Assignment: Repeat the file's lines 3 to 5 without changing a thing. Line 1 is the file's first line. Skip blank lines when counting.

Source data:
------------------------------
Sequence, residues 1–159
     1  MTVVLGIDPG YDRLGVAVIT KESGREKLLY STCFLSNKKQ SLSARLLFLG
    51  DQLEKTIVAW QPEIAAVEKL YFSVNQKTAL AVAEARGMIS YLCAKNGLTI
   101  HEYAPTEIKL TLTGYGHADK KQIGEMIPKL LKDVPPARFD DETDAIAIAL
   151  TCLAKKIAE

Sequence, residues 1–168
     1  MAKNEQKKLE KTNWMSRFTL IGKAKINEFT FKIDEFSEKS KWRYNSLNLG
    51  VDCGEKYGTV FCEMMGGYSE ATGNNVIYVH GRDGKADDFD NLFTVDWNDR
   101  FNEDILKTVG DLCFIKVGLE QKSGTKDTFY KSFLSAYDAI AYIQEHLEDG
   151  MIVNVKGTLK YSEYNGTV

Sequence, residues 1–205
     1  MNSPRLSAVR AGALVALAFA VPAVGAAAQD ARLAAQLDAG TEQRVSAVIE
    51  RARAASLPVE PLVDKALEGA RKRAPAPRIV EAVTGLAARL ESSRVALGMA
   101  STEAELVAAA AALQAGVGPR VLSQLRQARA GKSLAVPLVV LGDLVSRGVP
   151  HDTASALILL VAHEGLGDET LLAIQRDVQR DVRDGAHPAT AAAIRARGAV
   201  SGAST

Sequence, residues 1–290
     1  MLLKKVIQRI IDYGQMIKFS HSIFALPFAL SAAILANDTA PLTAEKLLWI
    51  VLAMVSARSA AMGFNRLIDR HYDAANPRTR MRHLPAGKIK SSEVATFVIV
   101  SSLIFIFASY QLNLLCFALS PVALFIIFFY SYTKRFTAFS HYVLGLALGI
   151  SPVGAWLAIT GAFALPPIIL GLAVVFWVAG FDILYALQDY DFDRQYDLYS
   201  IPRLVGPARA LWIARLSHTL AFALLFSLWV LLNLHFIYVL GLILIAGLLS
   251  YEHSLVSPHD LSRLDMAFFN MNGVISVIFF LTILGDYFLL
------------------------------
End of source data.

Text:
    51  DQLEKTIVAW QPEIAAVEKL YFSVNQKTAL AVAEARGMIS YLCAKNGLTI
   101  HEYAPTEIKL TLTGYGHADK KQIGEMIPKL LKDVPPARFD DETDAIAIAL
   151  TCLAKKIAE